PICTURES: Hospice marks 50 years since launch of original appeal
Today marks a significant date in the history of Worthing hospice St Barnabas House '“ it is exactly 50 years since the appeal to support the building of the original hospice was launched.
The St Barnabas Appeal for £100,000 to build a new facility to accommodate around 30 patients with life-limiting illnesses was officially launched at a public meeting at Worthing Assembly Hall on Friday, March 29, 1968.
Originally named the St Barnabas Home, the hospice was based in Columbia Drive in Durrington.
It was inspired by Dr Francis Gusterson, a consultant anaesthetist at Worthing and Southlands Hospitals, who chaired the appeal.
The launch of the appeal was attended by Dame Cicely Saunders, widely recognised as being the founder of the hospice movement, who spoke about the opening of St Christopher’s Hospice in Sydenham four months previously.
She told an audience of 250 people: “The work among people in advanced stages of illness is not sad depressing work – it is incredibly satisfying. What these people want is relief from pain and distress, comfort and compassion. They need longer-term nursing than can be given in a busy general ward.”
At the meeting, which occurred the day after the Budget, Dr Gusterson remarked: “I am told this is a bad time to launch an appeal. It is always a bad time to launch appeals. Everybody is worried about their standards of living. What I am hoping to interest people in is other people’s standards of dying.”
Dr Raymond Franks, consultant in geriatrics to the Worthing Group Hospitals, first proposed the idea of a terminal home for local cancer patients.
He spotted the significance of the high number of cancer deaths in the Worthing area occurring at home or in commercial nursing homes during the mid-1960s.
Simultaneously, trustees of the Worthing Remembrance Fund were finding it difficult to allocate gifts they received meaningfully.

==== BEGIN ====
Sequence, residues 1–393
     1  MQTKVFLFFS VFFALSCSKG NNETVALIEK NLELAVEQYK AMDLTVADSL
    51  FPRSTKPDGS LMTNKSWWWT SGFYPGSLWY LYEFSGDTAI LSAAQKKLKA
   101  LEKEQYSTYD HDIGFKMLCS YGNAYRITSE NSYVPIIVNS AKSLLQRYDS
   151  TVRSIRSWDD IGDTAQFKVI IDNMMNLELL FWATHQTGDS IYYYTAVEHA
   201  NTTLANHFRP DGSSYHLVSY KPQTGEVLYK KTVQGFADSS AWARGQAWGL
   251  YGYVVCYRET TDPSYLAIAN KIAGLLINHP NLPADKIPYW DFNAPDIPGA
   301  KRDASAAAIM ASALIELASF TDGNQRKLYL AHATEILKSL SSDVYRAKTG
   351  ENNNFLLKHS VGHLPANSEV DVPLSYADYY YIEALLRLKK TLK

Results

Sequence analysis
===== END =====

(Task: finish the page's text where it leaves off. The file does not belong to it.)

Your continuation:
In 1966 they approached Dr Gusterson to propose he taken on chairmanship of an appeal to build a home in Worthing.
A 12-strong committee, with Burnham Roe as treasurer, was formed as a result, and this led to the launch of the St Barnabas’ Appeal, appropriately named after the Saint of Consolation who sold all of his lands to give money to the church of Antioch when they were in great need.
The total required to complete the project was £100,000 – more than £1.5million today – but the cost eventually rose to £183,107.
The organisation was officially formed on Friday, April 5, 1968, and it was registered as a charity on Thursday, October 3, 1968.
St Barnabas was one of the early pioneers of the hospice movement and when it first opened its doors on Monday, January 1, 1973, it became the first such establishment in the south east of England, outside London.
As the hospice has evolved since, its services have developed accordingly to reflect the changing needs of patients and their families.
In 2011 the hospice moved into a new facility in Titnore Lane.
Since then the organisation has launched a Hospice at Home service which enables patients to have end-of-life care in their own homes during the day and through the difficult night-time hours.
Two years ago it introduced a disease specific nursing team enabling it to provide specialist care for patients with renal failure, liver disease, respiratory disease, advanced heart failure and dementia.
Since the hospice first opened in 1973, St Barnabas has provided care for more than 39,000 patients and countless family members.
Today it provides specialist palliative care for more than 1,500 patients each year.
Dr Gusterson served as medical director until his retirement on January 31, 1981, and immediately became vice president.
Later that year he died peacefully in his sleep.
Following Dr Gusterson’s retirement, Dr Alan Kingsbury was appointed as successor and continued in the role of medical director until March 1993.
Dr Kingsbury attended the St Barnabas House annual general meeting in November 2017, and was special guest at the Christmas tree light switch-on in December which he attended with former matron Margaret Stroud.
He commented: “We were both at St Barnabas from day one, and one of the things I find so wonderful when I come back here is the spirit that we had right in those early days, which was for the care of people who are so seriously ill. This is still maintained today, providing the very best on all occasions.
“Dr Gusterson was told by one of his fundraisers that we would need lots of money, and we certainly did to start off with. We still need it now, perhaps even more so, to provide that quality of palliative care that is so necessary.”
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